With regard to trade in electricity, these principles have been set out in Directive 2003/54/EC of the European Parliament and of the Council of 26 June 2003 concerning common rules for the internal market in electricity and repealing Directive 96/92/EC, and in Regulation (EC) No 714/2009 of the European Parliament and of the Council of 13 July 2009 on the conditions for access to the network for cross-border exchanges in electricity and repealing Regulation (EC) No 1228/2003. However, numerous obstacles to cross-border trade of energy still persist. In particular, not all member states have non-discriminatory network access and effective regulatory supervision, and there are still isolated markets. The cross-border trade of electricity accounts for over a dozen percent of internal consumption (in Poland it accounted for less than 6 per cent in the H1’18). There are still significant differences in the wholesale electricity prices resulting from a different production structure (and consequently different costs), as well as the fact that governments provide state aid to support electricity production from renewable sources. The price differences (for example, the prices in Germany are several dozen per cent lower than in Poland) should be conducive to the intensification of cross-border trade. However, there are still obstacles to trade, such as the lack of sufficient connections between the energy systems of various countries, as well as the internal regulations in force in the individual EU member states.

Almost every single country in the European Union, including Poland, is striving to ensure its energy security by expanding its own electricity generation capacities, treating imports as a possible backup source of energy supply in emergency situations. As a result, the installed power capacity in the European Union is utilized to a lesser extent than in the United States. The billions of EUR in investment expenditures on the construction of new power plants could be allocated for other purposes if the electricity market in Europe functioned more efficiently.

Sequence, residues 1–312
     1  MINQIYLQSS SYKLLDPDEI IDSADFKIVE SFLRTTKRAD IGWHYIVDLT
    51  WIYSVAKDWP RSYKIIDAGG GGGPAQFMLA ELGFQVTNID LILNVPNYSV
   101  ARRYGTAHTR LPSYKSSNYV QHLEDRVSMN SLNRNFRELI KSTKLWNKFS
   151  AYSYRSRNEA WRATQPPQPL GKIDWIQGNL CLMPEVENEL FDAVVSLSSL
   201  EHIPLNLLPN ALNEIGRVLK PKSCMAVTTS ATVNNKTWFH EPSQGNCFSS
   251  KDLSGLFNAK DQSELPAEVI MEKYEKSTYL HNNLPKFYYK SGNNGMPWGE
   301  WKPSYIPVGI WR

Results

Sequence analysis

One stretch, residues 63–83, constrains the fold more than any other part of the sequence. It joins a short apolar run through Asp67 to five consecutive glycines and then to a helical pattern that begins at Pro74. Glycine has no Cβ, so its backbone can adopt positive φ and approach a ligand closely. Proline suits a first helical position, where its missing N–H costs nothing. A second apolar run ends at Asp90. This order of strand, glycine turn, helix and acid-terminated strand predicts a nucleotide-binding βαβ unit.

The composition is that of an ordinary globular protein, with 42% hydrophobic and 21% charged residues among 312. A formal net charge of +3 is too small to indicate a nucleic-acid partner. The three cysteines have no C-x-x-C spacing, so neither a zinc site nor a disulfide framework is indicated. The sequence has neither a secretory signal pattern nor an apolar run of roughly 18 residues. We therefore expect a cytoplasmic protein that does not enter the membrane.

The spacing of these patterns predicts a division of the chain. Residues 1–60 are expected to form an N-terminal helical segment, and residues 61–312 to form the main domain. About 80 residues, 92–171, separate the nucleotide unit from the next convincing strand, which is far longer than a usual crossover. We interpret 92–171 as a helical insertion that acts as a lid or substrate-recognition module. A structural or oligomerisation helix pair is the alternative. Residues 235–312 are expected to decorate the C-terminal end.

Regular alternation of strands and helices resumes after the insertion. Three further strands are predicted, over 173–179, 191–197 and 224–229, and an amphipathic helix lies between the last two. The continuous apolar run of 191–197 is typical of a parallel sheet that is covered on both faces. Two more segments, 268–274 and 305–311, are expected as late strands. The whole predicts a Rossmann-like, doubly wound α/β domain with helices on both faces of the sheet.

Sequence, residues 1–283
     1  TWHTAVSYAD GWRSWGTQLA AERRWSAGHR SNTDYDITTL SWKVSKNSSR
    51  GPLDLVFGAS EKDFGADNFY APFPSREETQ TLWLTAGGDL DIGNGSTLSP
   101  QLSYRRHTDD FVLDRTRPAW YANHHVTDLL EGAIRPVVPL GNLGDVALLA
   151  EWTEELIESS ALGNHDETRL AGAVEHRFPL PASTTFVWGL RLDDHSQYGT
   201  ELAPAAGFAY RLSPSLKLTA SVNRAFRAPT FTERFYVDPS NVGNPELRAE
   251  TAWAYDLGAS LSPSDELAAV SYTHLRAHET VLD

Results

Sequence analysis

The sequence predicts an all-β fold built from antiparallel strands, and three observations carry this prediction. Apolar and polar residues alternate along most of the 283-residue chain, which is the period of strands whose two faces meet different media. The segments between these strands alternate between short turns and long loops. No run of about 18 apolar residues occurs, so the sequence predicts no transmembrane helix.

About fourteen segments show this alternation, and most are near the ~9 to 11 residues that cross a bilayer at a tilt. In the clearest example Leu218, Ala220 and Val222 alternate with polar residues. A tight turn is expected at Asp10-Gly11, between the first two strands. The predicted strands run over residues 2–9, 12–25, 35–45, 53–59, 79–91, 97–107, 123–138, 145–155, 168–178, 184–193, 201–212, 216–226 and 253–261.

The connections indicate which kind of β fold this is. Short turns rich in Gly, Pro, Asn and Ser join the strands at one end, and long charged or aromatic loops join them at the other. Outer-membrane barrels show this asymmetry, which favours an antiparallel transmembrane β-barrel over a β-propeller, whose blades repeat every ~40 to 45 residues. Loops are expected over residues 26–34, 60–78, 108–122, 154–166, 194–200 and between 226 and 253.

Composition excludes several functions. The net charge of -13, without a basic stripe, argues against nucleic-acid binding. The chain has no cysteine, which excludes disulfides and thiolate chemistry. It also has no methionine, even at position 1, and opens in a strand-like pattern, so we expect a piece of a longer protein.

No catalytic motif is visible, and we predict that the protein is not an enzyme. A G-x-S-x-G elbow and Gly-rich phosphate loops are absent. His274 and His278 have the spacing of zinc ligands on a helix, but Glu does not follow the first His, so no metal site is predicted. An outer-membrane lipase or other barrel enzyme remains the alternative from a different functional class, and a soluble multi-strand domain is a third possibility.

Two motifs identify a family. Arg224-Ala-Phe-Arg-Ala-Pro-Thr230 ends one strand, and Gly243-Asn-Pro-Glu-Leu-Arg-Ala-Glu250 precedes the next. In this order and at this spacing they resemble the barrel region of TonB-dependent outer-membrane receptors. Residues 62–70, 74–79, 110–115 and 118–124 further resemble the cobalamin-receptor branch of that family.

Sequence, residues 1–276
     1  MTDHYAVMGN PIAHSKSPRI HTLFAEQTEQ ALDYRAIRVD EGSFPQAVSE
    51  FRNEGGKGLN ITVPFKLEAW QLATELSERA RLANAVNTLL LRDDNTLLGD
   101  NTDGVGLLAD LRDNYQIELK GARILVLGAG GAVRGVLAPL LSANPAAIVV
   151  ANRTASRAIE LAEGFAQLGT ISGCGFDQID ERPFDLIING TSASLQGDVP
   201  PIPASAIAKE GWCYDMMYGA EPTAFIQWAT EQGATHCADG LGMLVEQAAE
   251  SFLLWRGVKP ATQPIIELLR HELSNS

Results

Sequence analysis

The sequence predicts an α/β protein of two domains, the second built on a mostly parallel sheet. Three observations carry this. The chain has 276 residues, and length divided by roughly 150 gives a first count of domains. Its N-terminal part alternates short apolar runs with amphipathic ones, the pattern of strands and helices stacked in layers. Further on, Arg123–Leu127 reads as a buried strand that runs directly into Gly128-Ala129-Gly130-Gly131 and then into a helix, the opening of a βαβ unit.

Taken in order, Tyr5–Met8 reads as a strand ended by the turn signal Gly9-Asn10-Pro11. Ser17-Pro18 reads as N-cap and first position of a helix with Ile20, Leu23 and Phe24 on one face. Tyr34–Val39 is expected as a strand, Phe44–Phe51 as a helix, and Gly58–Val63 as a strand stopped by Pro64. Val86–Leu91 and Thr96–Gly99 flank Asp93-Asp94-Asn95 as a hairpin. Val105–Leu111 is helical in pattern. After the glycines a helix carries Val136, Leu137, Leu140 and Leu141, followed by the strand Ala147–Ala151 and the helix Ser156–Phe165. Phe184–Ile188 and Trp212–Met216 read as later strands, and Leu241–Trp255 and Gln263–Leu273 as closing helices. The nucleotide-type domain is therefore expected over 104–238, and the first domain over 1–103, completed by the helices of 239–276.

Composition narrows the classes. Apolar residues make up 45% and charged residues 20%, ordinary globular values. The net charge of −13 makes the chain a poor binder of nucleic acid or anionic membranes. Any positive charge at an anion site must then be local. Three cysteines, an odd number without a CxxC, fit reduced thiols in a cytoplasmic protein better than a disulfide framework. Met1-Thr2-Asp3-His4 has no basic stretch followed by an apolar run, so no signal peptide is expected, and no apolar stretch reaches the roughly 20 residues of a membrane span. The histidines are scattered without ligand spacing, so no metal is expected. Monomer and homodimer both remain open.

The country most dependent on electricity imports in the European Union is Lithuania, which has been forced to purchase electricity from neighboring countries since the closure of the Ignalina Nuclear Power Plant in 2009. The plans for the construction of a new nuclear power plant (in cooperation with the Polish Energy Group, PGE) were torpedoed by an advisory referendum in which the majority of residents rejected the idea. Lithuania currently imports approximately 70 per cent of its electricity — a large part comes from Sweden via Poland. An alternative solution — the construction of a new nuclear power plant — would cost at least EUR5bn. According to Eurostat, in 2017, the average non-household electricity prices amounted to EUR0.0686 per kWh in Lithuania and EUR0.0651 per kWh in Poland, while the prices for households amounted to EUR0.11 per kWh in Lithuania, and EUR0.15 per kWh in Poland. Therefore, being dependent on electricity imports has little effect on the country’s development conditions.

Despite the EU law, the trade of natural gas is also far removed from the free-market ideals. Directive 2009/73/EC of the European Parliament and of the Council of 13 July 2009 concerning common rules for the internal market in natural gas and repealing Directive 2003/55/EC recommended the separation of ownership of gas infrastructure from the distribution activity (so-called ownership unbundling). However, the German government agreed for gas storage facilities to be acquired by subsidiary companies of Gazprom, which is the main supplier of natural gas to Germany.

In July 2017, the Court of Justice of the European Union in Luxembourg rejected the application submitted by Poland and the Polish Oil and Gas Company, PGNiG, in which they demanded equal access to the OPAL gas pipeline for all the interested parties. The OPAL gas pipeline is an extension of the Nord Stream pipeline in Germany. Pursuant to a 2009 decision by the European Commission, 50 per cent of that gas pipeline’s capacity was exempted from the application of the European Union’s laws concerning third-party access and reserved for a use by the Russian company Gazprom. The remaining 50 per cent of the pipeline’s capacity is made available through auctions in which Gazprom is allowed to participate, thereby preventing other entities from using the pipeline.